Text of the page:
Ever wonder why there are exactly 5,280 feet in a mile? It’s something I’ve always thought about since I first learned about distance and measurement when I was a kid. Why such a specific number? Why not a rounder, more even number like 5,000 or 6,000? And, most importantly, why don’t we just use the metric system?
Interestingly enough, the idea of the mile originated back in Roman times, from a unit of distance called the mille passum, which literally means “a thousand paces.” However, in Rome, each pace had to be about five Roman feet, thus making the mile originally 5,000 Roman feet—or closer to 4,850 modern feet for us (the Ancient Romans’ feet were a little shorter than ours).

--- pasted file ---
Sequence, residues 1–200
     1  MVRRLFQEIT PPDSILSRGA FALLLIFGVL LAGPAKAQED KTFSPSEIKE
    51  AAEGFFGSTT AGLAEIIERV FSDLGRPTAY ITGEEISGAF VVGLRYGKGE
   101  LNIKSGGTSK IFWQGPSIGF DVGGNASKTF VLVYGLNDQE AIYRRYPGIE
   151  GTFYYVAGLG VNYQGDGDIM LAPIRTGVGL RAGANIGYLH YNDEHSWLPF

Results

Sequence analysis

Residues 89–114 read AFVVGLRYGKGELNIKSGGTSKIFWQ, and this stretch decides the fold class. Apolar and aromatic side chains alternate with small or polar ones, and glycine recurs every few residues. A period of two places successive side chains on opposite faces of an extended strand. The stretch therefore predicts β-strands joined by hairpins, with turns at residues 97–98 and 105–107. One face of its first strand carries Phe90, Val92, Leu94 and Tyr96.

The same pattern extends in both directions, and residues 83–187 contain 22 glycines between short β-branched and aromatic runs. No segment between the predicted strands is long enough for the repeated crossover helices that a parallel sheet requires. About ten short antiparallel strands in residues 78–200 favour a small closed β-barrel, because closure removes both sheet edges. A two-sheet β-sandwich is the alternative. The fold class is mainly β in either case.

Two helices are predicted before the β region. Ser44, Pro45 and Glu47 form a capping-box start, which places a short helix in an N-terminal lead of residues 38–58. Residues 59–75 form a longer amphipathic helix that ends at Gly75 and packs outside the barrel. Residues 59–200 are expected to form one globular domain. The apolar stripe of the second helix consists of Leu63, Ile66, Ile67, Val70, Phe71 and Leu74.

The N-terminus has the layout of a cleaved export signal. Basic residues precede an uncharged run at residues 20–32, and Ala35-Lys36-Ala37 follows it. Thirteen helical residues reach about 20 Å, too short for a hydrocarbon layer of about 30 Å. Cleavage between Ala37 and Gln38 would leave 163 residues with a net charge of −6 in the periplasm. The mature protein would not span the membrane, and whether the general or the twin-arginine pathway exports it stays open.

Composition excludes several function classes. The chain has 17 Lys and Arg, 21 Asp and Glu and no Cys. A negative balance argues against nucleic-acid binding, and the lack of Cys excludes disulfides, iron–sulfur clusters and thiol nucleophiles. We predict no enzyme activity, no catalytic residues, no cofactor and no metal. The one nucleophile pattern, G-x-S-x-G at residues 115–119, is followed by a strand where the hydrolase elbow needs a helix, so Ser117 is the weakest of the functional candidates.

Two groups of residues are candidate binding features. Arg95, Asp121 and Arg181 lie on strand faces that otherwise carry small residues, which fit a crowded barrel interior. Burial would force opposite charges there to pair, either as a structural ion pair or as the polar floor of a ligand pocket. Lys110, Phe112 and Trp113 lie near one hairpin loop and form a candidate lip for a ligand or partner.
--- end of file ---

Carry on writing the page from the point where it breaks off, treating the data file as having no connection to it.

Now, the big question is how we went from 5,000 (like I said before, a nicer, rounder number) to 5,280 feet? The answer: the furlong, which back during the 16th century, was the length of the furrow a team of oxen could plow in a day, and equated to about 660 feet. When Parliament established the length of the mile back in 1592, it chose to have each mile be made up of eight furlongs. 8 multiplied by 660—that gives us our 5,280 feet.
Running “the mile” back in grade school and high school was always something I dreaded. I was never the fastest or most athletic kid, and I was usually sucking wind by halfway through it. However, it’s so cool to be able to look at individuals like Usain Bolt and other runners who can run as fast as they do and break world records without appearing to break a sweat. Here’s Hicham el Guerouj setting the world record for a one mile race.
And, even crazier, watch Tim Anderson Spider-man crawl an entire mile. The strength and determination of this dude is just unbelievable.
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